Originally a full-time preschool teacher, Dr. Rene Hackney now holds a Master?s in school psychology and a PhD. in developmental psychology from George Mason University. She trained at the Developmental Clinic at Children?s National Medical Center and for the public schools, teaching in parenting programs at each. She has also acted as a consultant to several area preschools.
For the last four years, Dr. Hackney has owned and lectured for Parenting Playgroups, Inc, a parenting resource center and preschool classroom in Alexandria Virginia. She has offered workshops to a wide
range of parent, teacher and social work groups during this time.
Workshop topics include eight hours on positive discipline techniques, five hours on early academic issues and common issues such as sibling rivalry and potty training. All workshops provide well researched lecture, in-class practice and open discussion time. Additionally she hosts a monthly parenting focused book club and fun play programs to introduce the preschool setting to young families.
Dr. Hackney is married and has two young children of her own.
Host: What is the role of juice or milk in creating picky eaters?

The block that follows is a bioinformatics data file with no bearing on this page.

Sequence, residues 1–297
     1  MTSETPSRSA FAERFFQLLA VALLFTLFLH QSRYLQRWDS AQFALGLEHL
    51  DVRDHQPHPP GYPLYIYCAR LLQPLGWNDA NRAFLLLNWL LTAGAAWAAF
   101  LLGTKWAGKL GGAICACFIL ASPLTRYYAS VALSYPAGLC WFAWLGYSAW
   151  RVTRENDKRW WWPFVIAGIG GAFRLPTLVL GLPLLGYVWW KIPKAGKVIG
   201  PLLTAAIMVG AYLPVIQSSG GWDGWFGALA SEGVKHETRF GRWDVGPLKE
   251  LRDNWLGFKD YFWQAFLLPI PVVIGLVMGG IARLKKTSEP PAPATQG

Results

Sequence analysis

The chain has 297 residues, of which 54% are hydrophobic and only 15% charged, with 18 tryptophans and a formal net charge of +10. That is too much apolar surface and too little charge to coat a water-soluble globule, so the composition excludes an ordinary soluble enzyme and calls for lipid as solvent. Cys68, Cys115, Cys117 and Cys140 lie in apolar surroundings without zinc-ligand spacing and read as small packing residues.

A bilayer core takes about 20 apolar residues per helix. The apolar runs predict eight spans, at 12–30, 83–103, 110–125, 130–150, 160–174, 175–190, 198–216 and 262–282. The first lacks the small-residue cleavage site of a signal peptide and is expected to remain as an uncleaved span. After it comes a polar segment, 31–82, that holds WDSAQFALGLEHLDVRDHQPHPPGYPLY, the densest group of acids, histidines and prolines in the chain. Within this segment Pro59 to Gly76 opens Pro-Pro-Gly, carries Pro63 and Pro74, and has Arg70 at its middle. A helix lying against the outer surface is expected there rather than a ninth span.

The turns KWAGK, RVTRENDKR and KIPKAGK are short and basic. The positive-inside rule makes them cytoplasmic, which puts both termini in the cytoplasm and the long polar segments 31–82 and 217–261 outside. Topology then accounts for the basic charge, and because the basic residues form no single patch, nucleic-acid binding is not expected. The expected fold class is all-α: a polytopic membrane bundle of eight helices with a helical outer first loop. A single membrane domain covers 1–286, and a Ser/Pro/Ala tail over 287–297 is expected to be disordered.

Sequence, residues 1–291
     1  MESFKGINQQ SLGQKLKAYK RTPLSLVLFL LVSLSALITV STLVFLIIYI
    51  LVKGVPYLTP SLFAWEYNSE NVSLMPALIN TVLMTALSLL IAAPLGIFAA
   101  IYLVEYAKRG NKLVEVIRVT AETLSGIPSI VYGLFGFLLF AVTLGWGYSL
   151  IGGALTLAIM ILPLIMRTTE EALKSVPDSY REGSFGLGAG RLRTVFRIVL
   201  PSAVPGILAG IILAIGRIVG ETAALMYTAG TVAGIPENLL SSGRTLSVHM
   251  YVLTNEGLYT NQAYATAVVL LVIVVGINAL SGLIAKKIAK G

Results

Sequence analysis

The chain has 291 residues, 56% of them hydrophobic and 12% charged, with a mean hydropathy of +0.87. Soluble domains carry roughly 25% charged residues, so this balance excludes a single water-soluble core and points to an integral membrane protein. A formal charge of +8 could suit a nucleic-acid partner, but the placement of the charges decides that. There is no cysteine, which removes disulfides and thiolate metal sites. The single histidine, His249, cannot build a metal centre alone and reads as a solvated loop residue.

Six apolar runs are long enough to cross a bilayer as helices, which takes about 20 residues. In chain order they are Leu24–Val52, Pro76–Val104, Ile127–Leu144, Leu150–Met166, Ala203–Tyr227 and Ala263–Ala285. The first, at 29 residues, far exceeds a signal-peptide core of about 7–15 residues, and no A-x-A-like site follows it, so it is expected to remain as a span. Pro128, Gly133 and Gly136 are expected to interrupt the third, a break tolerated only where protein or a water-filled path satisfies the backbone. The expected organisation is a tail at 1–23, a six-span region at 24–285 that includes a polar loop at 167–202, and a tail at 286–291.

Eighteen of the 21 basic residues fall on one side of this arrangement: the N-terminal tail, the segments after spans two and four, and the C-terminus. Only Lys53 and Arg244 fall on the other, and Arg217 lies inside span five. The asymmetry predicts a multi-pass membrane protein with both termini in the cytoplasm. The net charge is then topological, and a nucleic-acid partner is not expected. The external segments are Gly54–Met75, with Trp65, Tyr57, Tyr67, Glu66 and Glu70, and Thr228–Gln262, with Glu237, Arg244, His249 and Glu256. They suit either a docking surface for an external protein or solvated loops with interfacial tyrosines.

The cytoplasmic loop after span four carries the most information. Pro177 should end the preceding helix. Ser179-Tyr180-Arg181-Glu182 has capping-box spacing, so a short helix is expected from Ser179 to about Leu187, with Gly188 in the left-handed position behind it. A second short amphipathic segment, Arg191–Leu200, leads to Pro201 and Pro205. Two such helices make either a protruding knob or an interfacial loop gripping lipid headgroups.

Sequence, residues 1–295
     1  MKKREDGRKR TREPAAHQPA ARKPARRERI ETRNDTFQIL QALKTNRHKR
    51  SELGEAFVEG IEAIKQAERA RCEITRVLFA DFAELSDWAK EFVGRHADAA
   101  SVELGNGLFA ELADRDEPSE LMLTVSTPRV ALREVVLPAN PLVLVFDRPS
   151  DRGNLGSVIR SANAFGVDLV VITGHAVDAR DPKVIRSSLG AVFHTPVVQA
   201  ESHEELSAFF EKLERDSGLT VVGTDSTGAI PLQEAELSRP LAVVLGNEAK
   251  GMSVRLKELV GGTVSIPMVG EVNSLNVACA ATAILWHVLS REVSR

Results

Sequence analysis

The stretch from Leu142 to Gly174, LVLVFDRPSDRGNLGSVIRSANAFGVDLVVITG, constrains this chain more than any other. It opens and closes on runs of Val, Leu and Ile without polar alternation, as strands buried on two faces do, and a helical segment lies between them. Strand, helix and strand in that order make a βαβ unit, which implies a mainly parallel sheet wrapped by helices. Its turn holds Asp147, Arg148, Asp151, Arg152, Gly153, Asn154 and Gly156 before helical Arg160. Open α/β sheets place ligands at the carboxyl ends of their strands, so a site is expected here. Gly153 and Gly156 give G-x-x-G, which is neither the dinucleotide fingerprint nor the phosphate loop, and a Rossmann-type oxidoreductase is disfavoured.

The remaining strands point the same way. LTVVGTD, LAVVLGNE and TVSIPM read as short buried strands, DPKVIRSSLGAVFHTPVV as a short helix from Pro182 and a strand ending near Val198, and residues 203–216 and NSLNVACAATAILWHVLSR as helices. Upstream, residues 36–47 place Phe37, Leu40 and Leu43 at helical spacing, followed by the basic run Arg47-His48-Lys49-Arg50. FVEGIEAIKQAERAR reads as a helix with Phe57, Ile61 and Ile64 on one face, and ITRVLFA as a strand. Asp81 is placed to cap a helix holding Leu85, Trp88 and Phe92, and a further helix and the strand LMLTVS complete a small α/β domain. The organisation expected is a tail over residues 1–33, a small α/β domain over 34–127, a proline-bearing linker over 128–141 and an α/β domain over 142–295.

Rene Hackney: There is a role of juice or milk here in creating picky eaters. The juice guideline for children two to ten years old is four to six ounces per day. Four ounces is the tiny juice box, six ounces is that medium juice box and that is per day. If children are getting significantly more juice than that, they are likely filling up on the sugars that are in that juice and not eating as wider variety in their diet as they would otherwise. If parents are watering it down 50-50, water in juice that would be the eight to twelve ounces because the water is not seen as being problematic. But if kids are drinking 24 ounces of juice in a day or more, they are likely having a much more narrow variety in their diet than they would otherwise.
The milk rule, it is the same type of guideline, but it is about 20 to 24 ounces of milk for the toddler in pre-school years, that if kids are getting significantly more milk than that in their diet, they are likely eating a more narrow variety than they would otherwise. If you think your child is drinking much more than that, the first thing I would do is talk to your Pediatrician and talk to them about these guidelines and what is suggested, but for parents who want to lessen the intake, let s say they are drinking 48 ounces of milk in a day and not eating much food, the idea would be to measure out that 20 ounces and put it in the refrigerator in the morning and then when the child is done with that, he will move on to water or that little juice and then water and milk.